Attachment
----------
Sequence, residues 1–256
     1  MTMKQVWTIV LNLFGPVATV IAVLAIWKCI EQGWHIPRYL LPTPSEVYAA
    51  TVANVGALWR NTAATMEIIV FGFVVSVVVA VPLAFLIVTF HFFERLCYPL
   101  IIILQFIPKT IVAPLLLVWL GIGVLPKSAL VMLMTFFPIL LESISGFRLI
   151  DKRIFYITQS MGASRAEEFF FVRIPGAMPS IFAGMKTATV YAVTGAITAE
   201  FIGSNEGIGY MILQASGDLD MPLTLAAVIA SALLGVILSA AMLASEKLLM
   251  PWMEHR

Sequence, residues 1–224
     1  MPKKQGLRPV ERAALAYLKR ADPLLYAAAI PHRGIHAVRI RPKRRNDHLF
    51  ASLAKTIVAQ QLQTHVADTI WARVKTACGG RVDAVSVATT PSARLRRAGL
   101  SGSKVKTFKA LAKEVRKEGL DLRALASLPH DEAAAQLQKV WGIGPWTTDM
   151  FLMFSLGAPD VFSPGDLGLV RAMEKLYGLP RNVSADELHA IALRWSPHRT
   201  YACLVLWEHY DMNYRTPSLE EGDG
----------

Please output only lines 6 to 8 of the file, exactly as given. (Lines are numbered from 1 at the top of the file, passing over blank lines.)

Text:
   201  FIGSNEGIGY MILQASGDLD MPLTLAAVIA SALLGVILSA AMLASEKLLM
   251  PWMEHR

Sequence, residues 1–224